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ACI-1 class A beta-lactamase is widespread across human gut microbiomes due to transposons harboured by tailed prophages

By Chris M Rands, Elizaveta V. Starikova, Harald Brüssow, Evgenia V. Kriventseva, Vadim M Govorun, Evgeny M Zdobnov

Posted 18 Dec 2017
bioRxiv DOI: 10.1101/235788 (published DOI: 10.1111/1462-2920.14276)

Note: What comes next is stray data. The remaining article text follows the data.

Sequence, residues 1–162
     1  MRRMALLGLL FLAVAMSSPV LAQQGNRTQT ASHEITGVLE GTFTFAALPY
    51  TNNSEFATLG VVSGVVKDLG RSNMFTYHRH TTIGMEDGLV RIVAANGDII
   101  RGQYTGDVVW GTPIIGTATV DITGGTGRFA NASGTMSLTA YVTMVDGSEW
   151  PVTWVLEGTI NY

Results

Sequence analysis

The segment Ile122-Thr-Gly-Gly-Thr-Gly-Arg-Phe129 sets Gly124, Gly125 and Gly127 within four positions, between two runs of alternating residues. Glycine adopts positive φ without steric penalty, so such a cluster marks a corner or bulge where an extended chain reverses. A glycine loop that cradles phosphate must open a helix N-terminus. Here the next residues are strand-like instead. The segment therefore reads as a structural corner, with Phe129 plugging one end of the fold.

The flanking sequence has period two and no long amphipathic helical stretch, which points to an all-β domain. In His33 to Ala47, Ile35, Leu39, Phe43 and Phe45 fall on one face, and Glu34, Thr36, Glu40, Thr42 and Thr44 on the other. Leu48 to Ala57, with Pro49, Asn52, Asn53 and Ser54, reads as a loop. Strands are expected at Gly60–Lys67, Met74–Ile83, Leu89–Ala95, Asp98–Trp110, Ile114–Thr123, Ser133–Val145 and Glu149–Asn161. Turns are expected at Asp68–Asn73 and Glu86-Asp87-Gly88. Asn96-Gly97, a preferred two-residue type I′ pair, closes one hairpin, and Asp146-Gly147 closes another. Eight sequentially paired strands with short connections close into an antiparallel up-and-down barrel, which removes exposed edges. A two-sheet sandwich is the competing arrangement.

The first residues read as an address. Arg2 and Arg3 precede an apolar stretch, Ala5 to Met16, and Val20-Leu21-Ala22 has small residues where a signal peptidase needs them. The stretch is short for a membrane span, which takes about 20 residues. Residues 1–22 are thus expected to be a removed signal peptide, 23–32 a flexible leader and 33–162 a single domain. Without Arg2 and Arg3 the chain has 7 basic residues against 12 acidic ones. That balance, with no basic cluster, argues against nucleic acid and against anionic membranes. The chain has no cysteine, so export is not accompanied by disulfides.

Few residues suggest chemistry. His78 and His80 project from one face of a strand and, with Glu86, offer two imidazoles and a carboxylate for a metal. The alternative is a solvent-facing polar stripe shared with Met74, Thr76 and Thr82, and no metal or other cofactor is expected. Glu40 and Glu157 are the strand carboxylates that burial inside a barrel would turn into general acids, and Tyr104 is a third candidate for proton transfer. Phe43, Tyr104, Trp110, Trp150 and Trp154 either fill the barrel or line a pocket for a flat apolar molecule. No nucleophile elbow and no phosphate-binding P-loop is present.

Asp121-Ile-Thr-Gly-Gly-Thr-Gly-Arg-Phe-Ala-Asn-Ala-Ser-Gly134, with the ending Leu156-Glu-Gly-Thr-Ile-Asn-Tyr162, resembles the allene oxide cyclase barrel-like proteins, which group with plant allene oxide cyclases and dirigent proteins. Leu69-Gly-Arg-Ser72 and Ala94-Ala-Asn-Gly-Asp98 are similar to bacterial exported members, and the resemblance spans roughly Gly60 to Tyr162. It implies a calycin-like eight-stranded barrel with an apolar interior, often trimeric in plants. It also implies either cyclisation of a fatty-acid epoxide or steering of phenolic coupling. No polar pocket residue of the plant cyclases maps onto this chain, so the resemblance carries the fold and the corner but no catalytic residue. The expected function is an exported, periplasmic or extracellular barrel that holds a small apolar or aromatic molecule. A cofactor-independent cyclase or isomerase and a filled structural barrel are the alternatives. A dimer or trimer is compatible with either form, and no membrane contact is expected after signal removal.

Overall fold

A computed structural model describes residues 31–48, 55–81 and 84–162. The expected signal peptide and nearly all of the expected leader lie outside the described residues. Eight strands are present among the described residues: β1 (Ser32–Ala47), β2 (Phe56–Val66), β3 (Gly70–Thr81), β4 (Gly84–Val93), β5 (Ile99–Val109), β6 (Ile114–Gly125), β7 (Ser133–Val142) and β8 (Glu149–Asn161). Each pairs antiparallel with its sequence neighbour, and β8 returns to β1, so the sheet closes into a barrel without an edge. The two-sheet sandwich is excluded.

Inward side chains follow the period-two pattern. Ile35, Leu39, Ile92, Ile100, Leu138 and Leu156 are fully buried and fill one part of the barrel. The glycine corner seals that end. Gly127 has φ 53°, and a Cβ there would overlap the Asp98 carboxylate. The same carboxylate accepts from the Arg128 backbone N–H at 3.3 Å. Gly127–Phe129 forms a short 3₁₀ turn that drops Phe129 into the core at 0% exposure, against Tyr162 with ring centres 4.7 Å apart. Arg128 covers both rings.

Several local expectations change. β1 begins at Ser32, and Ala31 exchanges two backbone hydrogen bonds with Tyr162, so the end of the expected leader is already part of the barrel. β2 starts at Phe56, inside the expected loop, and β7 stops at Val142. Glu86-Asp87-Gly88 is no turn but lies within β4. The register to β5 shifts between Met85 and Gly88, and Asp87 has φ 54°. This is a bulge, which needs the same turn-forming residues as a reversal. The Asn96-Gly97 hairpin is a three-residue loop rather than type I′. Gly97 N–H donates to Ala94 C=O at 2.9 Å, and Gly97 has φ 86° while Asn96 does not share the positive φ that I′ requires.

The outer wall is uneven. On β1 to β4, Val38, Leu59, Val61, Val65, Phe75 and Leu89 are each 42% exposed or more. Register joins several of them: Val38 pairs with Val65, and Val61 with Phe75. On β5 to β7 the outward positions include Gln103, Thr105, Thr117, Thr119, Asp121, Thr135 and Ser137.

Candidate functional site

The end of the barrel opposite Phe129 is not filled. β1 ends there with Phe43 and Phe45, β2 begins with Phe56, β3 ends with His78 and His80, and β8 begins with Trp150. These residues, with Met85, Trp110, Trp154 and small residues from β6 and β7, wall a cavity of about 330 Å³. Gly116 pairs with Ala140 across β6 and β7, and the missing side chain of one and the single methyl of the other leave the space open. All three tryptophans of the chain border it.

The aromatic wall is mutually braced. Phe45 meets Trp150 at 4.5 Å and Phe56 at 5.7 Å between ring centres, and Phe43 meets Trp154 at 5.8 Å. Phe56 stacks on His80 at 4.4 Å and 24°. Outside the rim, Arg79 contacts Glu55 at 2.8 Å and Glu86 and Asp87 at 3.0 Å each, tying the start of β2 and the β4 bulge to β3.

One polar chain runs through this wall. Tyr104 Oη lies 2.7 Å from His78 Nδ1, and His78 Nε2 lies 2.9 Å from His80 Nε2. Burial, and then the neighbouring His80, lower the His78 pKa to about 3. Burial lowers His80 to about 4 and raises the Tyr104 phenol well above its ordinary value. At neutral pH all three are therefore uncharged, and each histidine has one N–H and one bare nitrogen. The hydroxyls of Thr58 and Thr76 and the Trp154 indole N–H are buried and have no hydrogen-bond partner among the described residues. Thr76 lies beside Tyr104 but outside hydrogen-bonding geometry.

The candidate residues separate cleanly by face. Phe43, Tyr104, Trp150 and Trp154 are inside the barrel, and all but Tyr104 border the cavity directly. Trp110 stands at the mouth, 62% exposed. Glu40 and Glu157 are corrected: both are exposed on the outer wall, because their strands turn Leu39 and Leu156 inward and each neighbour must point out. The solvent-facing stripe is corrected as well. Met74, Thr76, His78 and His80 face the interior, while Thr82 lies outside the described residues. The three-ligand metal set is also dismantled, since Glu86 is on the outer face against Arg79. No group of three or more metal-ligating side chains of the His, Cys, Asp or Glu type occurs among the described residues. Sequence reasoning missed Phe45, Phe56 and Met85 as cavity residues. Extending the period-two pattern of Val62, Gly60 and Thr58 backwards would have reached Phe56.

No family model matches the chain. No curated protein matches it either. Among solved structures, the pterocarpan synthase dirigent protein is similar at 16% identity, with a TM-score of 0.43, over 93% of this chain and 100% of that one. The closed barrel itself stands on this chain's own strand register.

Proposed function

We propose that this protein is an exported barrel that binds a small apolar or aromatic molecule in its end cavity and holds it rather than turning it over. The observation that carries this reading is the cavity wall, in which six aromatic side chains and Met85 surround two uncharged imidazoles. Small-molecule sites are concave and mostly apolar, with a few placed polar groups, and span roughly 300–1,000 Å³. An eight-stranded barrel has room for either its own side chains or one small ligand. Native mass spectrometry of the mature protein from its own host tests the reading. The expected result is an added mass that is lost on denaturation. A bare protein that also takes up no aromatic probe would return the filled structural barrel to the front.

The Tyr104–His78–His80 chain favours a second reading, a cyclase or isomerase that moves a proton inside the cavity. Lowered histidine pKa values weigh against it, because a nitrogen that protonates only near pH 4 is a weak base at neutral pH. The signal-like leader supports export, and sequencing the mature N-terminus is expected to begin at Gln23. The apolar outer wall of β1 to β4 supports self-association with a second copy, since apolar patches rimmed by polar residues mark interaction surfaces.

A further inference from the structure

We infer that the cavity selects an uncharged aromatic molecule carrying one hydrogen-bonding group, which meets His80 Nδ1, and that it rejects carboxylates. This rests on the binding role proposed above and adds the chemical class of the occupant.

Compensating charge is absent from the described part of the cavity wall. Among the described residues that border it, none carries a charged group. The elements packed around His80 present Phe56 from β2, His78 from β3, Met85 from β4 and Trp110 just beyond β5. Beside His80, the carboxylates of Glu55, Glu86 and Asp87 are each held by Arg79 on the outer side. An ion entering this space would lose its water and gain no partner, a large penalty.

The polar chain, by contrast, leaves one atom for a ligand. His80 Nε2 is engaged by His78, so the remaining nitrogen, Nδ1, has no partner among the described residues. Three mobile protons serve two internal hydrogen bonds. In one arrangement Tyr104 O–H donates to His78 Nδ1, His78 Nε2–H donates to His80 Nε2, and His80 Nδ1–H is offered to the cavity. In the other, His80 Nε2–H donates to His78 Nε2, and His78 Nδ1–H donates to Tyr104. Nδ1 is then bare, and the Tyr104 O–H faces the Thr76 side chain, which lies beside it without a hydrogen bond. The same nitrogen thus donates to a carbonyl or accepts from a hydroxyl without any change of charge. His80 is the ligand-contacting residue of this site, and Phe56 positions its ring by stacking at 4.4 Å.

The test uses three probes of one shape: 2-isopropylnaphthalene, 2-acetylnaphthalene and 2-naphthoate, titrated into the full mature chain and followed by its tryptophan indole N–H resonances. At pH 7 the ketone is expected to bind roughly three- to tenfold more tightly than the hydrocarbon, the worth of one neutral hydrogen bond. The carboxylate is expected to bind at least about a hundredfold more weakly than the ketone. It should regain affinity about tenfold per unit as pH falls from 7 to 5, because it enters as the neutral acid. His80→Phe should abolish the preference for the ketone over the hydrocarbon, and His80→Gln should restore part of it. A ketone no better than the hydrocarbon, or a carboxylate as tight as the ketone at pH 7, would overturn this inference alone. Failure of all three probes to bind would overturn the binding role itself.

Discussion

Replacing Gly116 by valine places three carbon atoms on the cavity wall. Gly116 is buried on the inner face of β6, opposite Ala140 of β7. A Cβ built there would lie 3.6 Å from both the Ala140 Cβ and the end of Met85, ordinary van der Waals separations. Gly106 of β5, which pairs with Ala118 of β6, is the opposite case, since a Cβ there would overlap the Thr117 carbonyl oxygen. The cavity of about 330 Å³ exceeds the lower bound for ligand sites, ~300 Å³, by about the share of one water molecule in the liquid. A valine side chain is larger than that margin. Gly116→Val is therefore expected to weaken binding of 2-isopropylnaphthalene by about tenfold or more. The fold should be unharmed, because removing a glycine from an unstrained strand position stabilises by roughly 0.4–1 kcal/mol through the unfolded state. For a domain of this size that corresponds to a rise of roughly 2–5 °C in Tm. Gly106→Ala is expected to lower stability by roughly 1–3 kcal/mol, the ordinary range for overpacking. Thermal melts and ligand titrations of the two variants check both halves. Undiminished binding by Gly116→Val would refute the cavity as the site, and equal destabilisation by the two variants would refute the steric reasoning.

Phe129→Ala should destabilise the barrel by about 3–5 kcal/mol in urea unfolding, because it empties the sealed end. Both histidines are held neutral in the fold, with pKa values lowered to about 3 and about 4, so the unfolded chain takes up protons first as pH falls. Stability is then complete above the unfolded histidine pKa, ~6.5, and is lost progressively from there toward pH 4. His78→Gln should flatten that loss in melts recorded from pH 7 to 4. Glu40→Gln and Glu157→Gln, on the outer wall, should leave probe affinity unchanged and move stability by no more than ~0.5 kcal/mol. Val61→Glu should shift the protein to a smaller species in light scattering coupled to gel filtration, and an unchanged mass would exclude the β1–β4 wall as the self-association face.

Antibiotic resistance is increasing among pathogens at unprecedented rates and the human body contains a large pool of antibiotic resistance genes that can be spread among bacteria by mobile genetic elements. Acidaminococcus intestini, a bacterium found in the human gut that belongs to the class of Negativicutes, is the first gram-negative coccus shown to be resistant to beta-lactam antibiotics. Resistance is conferred by aci1, a gene encoding the ACI-1 class A beta-lactamase, but the evolutionary history of aci1 and its distribution across other Negativicutes and in the human gut microbiota remains obscure. We discovered that ACI-1 proteins are phylogenetically distinct from class A beta-lactamases of gram-positive Firmicutes and that the aci1 gene occurs in bacteria scattered across the Negativicutes clade, suggesting possible mobilization. In the reference A. intestini RyC-MR95 strain, we found that aci1 is surrounded by mobile DNA, transposon derived sequences directly flank aci1 and are likely the vehicle for its mobility. These transposon sequences reside within a prophage context consisting of two likely degraded tailed prophages, the first prophages to be characterised in A. intestini. We found aci1 in at least 56 (4.4%) out of 1,267 human gut metagenome samples, mostly hosted within A. intestini, and, where could be determined, mostly within a similar constellation of mobile elements to that found in the reference A. intestini genome. These human samples are from individuals in Europe, China and the USA, showing that aci1 is widely distributed globally. Additionally, we examined the nine different Negativicute genome assemblies that contain aci1, and found that only two of these strains show a similar mobile element context around aci1 to the reference A. intestini with transposons adjacent to a tailed prophage. However, in all nine cases aci1 is flanked by transposon derived sequences, and these sequences are diverse, suggesting the activity and degradation of multiple transposons. Overall, we show that ACI-1 proteins form a distinct class A beta lactamase family, and that the aci1 gene is present in human guts worldwide within Negativicute bacterial hosts, due to transposons, sometimes inserted into tailed prophages.

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